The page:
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In its 25th year, the 2019 PET Recycling Report includes for the first time recycling rates in Mexico and Canada.

Clare Goldsberry

December 3, 2020

3 Min Read
PET bottle recycling plant
Image: warloka79/Adobe Stock

The US recycling rate for polyethylene terephthalate (PET) bottles dipped slightly in 2019, according to a report from the National Association for PET Container Resources (NAPCOR). It declined from 28.9% in 2018 to 27.9% in 2019, notes the 2019 PET Recycling Report.

NAPCOR has analyzed US recycling rates for decades. The 2019 report includes for the first time the PET recycling rate in North America. Higher recycling rates in Mexico and Canada pushed the total North American PET recovery to 35%.

“The inclusion of a North American rate is appropriate and encouraging in light of a suggested test and recycling rate threshold published by the Ellen MacArthur Foundation’s New Plastics Economy,” said Darrel Collier, NAPCOR Executive Director.

According to the group’s Global Commitment Progress Report 2020, “the suggested threshold to prove recycling or composting works ‘in practice and at scale’ is a 30% recycling/composting rate achieved across multiple regions, collectively representing at least 400 million inhabitants.”

Collier explained that “PET is one plastic that continues to demonstrate the ability to be recycled over and over. The PET reclamation industry is primed to receive more bottles to meet the demand of the circular economy, but we still have work to do on the collection side.”

NAPCOR’s report examines the use of rPET in end markets, which has seen significant growth in recent years in both food/beverage and non-food/beverage bottle categories, with total bottle end markets up 41% between 2017 and 2019. That growth was offset by a decline in the PET thermoform and sheet market, which saw a 16% drop within that time frame. However, PET thermoforms collected for recycling surpassed the 2018 number, resulting in its highest level with 144 million pounds collected. In 2019, end market segments within some key thermoform markets announced content commitments for postconsumer recycled PET thermoforms.

“The increase of postconsumer rPET usage in food/beverage and non-food/beverage bottles points to a continued commitment toward a circular economy by brand owners,” stated Tom Busard, NAPCOR Chairman, Chief Procurement Officer for Plastipak Packaging Inc., and President of Clean Tech, Plastipak’s recycling affiliate. “We are encouraged and supportive of this objective.”

More converters enter recycling market.

Speaking with PlasticsToday, NAPCOR’s Collier commented that more converters are entering the recycling market in response to demand that plastic makers and converters take more responsibility for what they produce. “The latter is definitely the case for Plastipak, which is big in the United States and Europe,” Collier said. “About three out of four PET resin producers are getting into recycling, not necessarily for a return on investment but [because they see] recycling PET as a critical product offering. Many can offer a 75/25 rPET material or even a 50/50 rPET material.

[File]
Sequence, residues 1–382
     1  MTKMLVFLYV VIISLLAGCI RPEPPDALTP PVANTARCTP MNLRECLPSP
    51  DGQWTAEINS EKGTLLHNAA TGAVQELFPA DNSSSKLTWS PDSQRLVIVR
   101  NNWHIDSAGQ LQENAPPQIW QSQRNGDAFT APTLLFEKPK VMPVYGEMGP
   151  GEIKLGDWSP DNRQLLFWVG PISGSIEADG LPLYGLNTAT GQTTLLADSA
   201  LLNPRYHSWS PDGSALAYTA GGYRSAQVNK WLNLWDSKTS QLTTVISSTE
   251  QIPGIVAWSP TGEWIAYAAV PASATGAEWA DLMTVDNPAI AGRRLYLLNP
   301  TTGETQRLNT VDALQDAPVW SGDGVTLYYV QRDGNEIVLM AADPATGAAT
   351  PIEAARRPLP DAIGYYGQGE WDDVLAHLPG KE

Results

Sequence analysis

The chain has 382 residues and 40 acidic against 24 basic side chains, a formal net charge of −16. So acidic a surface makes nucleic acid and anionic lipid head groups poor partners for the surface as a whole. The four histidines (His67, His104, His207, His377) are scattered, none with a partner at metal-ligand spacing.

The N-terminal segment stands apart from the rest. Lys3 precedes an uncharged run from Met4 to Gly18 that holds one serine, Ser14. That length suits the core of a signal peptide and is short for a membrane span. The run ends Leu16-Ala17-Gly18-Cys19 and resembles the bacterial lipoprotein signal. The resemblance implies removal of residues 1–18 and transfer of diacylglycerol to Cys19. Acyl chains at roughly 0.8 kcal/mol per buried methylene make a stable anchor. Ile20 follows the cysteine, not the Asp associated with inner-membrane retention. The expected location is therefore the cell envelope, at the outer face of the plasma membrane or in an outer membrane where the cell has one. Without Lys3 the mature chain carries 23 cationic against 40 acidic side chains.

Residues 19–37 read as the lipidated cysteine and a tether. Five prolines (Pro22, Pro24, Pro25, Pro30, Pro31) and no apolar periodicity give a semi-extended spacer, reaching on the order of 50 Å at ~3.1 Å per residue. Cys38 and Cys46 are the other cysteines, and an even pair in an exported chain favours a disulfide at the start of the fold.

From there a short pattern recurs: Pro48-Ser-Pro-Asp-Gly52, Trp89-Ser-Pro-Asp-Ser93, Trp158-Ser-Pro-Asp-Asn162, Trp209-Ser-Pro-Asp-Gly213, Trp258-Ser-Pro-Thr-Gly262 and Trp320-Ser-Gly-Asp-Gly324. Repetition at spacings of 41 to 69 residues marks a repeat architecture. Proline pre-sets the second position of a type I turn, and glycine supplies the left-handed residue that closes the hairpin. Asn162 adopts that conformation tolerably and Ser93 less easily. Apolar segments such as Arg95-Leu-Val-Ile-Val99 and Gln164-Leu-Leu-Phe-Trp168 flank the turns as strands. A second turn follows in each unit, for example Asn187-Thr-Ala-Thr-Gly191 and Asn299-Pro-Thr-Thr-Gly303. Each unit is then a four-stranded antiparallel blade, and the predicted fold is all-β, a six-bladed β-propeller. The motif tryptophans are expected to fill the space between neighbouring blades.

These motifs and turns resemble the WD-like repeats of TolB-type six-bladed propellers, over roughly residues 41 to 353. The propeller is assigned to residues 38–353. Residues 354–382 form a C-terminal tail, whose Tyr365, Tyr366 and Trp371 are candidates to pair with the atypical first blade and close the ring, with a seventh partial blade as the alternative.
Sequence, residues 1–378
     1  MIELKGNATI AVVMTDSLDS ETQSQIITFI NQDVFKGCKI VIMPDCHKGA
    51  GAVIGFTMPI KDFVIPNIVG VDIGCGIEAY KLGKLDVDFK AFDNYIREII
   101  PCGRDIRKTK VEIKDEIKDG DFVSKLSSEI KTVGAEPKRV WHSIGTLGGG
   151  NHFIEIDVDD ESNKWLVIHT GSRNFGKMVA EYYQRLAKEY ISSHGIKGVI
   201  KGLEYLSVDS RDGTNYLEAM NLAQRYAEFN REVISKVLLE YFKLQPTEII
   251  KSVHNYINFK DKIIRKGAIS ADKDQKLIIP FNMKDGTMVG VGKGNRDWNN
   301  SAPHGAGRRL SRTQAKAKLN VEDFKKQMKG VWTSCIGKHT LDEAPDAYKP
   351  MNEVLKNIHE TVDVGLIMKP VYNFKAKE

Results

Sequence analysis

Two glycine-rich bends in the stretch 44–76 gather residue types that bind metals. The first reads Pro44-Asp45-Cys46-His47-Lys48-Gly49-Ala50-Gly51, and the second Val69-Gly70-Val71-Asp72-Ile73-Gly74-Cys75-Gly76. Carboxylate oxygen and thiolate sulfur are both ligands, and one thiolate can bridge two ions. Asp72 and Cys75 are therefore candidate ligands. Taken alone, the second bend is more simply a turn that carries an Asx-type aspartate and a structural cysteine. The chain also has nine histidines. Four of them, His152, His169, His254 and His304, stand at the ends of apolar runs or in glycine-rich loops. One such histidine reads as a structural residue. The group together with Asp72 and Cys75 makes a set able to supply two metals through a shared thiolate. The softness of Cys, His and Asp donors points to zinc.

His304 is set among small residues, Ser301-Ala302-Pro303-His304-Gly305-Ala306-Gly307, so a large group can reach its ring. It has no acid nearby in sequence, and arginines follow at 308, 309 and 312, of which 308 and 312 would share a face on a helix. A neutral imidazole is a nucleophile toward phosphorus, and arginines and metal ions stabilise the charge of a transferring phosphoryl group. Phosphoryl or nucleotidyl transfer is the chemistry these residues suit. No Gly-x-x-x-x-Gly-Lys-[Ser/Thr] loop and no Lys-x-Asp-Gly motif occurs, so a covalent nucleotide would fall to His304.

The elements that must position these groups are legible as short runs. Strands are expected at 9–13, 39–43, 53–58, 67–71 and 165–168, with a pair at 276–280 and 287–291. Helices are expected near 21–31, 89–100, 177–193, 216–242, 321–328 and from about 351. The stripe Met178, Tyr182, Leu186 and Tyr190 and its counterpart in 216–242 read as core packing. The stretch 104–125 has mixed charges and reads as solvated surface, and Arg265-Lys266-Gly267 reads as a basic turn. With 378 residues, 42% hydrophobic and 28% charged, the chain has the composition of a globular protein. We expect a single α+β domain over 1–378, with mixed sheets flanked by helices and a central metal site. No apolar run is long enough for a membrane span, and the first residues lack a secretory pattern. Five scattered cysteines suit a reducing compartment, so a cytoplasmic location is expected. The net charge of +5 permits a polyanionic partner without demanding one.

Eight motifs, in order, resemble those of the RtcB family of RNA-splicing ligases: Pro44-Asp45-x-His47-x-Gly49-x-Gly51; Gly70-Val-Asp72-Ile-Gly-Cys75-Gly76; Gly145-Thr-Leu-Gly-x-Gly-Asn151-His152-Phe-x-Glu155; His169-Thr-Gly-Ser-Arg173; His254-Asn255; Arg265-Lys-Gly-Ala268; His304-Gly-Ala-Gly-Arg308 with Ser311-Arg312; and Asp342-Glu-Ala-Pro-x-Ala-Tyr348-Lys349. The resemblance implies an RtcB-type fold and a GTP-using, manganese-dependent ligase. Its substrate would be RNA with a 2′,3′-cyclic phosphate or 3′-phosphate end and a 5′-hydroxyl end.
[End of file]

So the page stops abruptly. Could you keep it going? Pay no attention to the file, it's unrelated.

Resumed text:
“The downstream guys have made sustainability pledges and it’s clear that they’re living up to those sustainability commitments despite paying a significant premium over the cost of virgin resin,” Collier added, noting that the bottle-to-bottle segment reports that “business has remained strong throughout the pandemic.”

Collier discussed the role of advanced recycling (aka chemical recycling), noting that the larger issue is economics. “PET will develop in this role with almost 1.8 billion pounds of bottles in the United States. Even though we’ve grown reclaiming by a billion pounds, we’re still hovering around a 30% recycling rate. There are colored bottles and various others for which traditional mechanical recycling is limited. It’s not a technology question, but an economics question,” said Collier. “If there is a barrier to advanced recycling it will be economic — collecting the feedstock.”

NAPCOR continues to work to address the industry’s ongoing challenges, with particular focus on methods to increase the amount of PET that gets recycled. This is the 25th year that the PET Recycling Report has been issued by NAPCOR. The full 2019 report may be purchased on the NAPCOR website.

About the Author(s)

Clare Goldsberry

Until she retired in September 2021, Clare Goldsberry reported on the plastics industry for more than 30 years. In addition to the 10,000+ articles she has written, by her own estimation, she is the author of several books, including The Business of Injection Molding: How to succeed as a custom molder and Purchasing Injection Molds: A buyers guide. Goldsberry is a member of the Plastics Pioneers Association. She reflected on her long career in "Time to Say Good-Bye."

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